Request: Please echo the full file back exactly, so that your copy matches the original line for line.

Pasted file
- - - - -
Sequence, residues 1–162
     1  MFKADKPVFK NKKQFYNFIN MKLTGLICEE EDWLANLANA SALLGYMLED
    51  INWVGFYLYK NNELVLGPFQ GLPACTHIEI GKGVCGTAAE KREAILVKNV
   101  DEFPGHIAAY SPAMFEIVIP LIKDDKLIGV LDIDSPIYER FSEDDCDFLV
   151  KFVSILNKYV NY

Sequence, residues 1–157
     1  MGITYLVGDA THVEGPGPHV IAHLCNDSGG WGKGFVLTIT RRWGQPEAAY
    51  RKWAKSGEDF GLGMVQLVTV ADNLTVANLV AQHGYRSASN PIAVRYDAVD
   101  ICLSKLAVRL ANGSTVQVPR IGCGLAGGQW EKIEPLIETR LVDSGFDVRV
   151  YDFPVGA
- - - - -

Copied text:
Sequence, residues 1–162
     1  MFKADKPVFK NKKQFYNFIN MKLTGLICEE EDWLANLANA SALLGYMLED
    51  INWVGFYLYK NNELVLGPFQ GLPACTHIEI GKGVCGTAAE KREAILVKNV
   101  DEFPGHIAAY SPAMFEIVIP LIKDDKLIGV LDIDSPIYER FSEDDCDFLV
   151  KFVSILNKYV NY

Sequence, residues 1–157
     1  MGITYLVGDA THVEGPGPHV IAHLCNDSGG WGKGFVLTIT RRWGQPEAAY
    51  RKWAKSGEDF GLGMVQLVTV ADNLTVANLV AQHGYRSASN PIAVRYDAVD
   101  ICLSKLAVRL ANGSTVQVPR IGCGLAGGQW EKIEPLIETR LVDSGFDVRV
   151  YDFPVGA